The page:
Less than half of parents teach their kids about privacy online. That’s dangerous for not only your kid — but yourself.
April 9, 2015 | Jess Miller
By now, you know that even though online crime is under-reported, it’s still a big deal. But do your kids know that?
Whether intentionally or not, you could be exposing your child to online invasions of privacy. According to a study done by TRUSTe, a data privacy management company, lots of parents are worried about their kid’s privacy online, but they may not be handling it the right way.
“While parents are concerned, they don’t always protect their children’s privacy online,” said Chris Bable, CEO of TRUSTe, in a statement. “Companies need to work with parents and their children to ensure transparency and help protect children’s data.”
The big number: 58 percent of parents said they are concerned about their child’s privacy online. Here’s what we learned from the study, and what you can do to minimize your child’s security risk when he or she goes online.
When parents do more harm than good
According to the study, a full 24 percent said they do not allow their child to use the Internet. Why? Their reasoning includes:
- 57 percent said they were worried that their child would be exposed to inappropriate content;
- 44 percent think their child will share personal information online;
- 43 percent think their child will share personal information online that they will later regret.
But the irony is that while so many are concerned about kids sharing stuff they’ll regret, parents are sharing photos of their kids all over Facebook and Instagram. Almost 70 percent of parents admitted they’d posted photos of their kids online, and 35 percent post photos once a month or more. In addition, 1 in 5 parents said they helped their kids who were under 13 years old set up social media accounts.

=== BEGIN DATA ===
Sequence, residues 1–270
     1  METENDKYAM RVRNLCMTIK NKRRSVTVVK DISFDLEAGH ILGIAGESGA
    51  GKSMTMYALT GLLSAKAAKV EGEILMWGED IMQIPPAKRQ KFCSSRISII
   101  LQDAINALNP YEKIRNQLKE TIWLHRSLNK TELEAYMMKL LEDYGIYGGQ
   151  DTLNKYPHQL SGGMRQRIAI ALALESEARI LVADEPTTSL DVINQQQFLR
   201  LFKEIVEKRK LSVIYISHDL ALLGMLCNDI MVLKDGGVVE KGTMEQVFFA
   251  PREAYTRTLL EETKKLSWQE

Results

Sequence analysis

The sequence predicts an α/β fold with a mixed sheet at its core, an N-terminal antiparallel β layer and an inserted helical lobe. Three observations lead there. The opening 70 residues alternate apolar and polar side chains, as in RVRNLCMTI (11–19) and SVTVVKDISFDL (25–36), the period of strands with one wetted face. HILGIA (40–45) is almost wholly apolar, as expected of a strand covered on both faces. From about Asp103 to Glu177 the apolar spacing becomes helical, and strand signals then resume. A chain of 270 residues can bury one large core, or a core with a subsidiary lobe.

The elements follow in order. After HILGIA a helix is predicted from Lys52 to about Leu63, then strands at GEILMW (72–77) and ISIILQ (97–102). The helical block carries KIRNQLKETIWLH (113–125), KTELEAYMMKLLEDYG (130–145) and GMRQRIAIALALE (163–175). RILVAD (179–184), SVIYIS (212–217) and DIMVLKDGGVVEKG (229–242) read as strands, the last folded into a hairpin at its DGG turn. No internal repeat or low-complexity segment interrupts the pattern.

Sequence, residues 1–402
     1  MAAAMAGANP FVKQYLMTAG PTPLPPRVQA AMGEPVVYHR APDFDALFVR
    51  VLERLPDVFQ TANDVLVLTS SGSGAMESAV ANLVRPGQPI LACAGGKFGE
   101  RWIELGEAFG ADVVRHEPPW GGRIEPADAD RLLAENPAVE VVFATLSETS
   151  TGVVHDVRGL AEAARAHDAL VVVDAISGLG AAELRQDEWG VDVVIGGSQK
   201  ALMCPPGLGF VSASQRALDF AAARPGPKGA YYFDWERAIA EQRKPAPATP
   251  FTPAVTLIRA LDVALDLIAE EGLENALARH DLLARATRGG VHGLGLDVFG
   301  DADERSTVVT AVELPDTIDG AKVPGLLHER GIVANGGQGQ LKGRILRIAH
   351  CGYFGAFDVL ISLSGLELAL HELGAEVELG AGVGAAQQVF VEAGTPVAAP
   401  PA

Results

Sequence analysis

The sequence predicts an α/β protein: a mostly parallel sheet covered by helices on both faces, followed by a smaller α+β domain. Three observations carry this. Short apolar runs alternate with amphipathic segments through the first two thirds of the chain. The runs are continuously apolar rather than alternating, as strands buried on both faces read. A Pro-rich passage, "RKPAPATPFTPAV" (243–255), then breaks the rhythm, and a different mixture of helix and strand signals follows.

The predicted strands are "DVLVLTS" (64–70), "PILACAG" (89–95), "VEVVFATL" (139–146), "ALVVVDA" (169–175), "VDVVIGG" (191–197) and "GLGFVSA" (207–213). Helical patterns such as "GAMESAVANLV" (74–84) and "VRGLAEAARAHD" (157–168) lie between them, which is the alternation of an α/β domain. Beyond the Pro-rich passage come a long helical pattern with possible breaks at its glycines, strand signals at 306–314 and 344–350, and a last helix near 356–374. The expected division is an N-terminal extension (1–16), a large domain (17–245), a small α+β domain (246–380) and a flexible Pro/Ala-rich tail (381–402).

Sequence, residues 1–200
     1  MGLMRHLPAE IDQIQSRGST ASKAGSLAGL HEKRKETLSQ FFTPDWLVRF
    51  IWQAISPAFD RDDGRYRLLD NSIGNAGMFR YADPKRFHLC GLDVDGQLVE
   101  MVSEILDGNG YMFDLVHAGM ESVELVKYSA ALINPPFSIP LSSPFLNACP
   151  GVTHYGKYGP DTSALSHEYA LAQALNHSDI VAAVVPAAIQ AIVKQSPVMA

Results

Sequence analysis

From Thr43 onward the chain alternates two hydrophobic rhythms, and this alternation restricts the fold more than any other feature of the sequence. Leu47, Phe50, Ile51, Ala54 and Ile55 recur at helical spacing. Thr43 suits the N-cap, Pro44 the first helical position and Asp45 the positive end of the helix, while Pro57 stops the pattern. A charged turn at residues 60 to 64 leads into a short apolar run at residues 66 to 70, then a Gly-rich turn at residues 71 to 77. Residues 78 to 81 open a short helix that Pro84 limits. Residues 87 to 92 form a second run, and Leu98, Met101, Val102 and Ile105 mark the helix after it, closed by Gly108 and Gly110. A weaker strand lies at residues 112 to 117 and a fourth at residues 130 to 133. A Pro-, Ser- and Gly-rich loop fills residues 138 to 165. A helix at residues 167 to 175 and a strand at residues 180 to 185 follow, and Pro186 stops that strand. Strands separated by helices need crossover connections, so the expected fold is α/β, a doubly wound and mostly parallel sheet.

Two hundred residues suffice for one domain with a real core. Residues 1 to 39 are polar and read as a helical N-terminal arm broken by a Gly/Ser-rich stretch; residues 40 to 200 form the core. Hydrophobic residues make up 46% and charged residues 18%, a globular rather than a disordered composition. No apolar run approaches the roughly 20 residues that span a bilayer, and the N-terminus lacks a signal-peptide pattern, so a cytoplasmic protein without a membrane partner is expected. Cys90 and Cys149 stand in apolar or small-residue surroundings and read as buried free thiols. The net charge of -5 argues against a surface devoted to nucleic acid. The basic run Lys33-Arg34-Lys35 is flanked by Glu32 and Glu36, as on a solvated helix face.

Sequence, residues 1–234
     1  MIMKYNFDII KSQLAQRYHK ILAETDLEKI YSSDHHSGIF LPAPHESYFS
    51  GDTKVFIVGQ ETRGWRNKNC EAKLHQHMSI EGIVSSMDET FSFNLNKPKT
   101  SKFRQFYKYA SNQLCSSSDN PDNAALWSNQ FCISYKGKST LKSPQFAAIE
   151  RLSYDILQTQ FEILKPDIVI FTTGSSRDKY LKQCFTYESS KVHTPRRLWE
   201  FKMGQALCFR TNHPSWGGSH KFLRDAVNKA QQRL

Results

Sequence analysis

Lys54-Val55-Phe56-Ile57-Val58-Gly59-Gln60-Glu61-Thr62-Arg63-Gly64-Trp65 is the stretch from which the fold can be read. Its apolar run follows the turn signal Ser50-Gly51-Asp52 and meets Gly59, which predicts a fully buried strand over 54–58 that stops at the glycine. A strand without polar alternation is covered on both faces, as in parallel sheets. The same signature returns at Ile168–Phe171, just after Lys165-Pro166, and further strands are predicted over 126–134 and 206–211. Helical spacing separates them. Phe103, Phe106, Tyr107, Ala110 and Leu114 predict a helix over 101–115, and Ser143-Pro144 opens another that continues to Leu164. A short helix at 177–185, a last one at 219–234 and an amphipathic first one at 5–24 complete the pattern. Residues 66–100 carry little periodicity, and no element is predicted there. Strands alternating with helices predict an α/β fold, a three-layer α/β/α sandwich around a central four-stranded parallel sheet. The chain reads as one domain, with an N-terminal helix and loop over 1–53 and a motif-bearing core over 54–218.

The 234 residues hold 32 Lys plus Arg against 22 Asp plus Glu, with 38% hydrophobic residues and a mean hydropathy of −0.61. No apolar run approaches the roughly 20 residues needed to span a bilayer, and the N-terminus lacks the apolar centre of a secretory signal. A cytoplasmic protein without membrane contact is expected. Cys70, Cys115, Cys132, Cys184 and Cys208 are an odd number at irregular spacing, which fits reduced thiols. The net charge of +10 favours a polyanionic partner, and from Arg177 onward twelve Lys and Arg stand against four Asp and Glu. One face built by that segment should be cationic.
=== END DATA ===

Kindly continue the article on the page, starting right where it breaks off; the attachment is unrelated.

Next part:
That’s not illegal, thanks to the Children’s Online Privacy Protection Act, which was passed by Congress in 1998. It requires all websites selling services or collecting information to obtain parental consent before collecting information from kids under 13. But just because kids are going online legally doesn’t mean they’re doing it safely.
How to talk to your kid about staying safe online
If you don’t take anything else away from this study, remember this: The best way to protect your kid from scary stuff online is by talking to them about it. TRUSTe says that 74 percent of parents think their child understands “a small amount or nothing at all about the issues surrounding privacy online.” If that’s you and your child, keep these tips in mind:
1. Start early. Your kid born today is a digital native, so don’t think it’s out of the question to broach the topic of internet safety with a kindergartner.
2. Initiate the conversation. Even if your kids are comfortable approaching you, don’t wait for them to start the conversation. Instead, find examples in your everyday life to talk to your child about Internet safety. This can be something as simple as seeing a billboard or ad about cyberbullying, and taking the time to explain to your child what it means and what to do if they experience it.
3. Be honest and supportive. Without a foundation of trust and support, kids aren’t going to be forthcoming about what they experience on the Internet, whether it’s harassment or strangers who make them uncomfortable. Make sure you cultivate an environment of trust and let your kids know they’ll never get in trouble for admitting something serious.
4. Be patient. Especially with younger children, it can take a while for something to sink in. It’s best to broach the topic several successive times; if the information is repetitive and simple, they’ll absorb it better.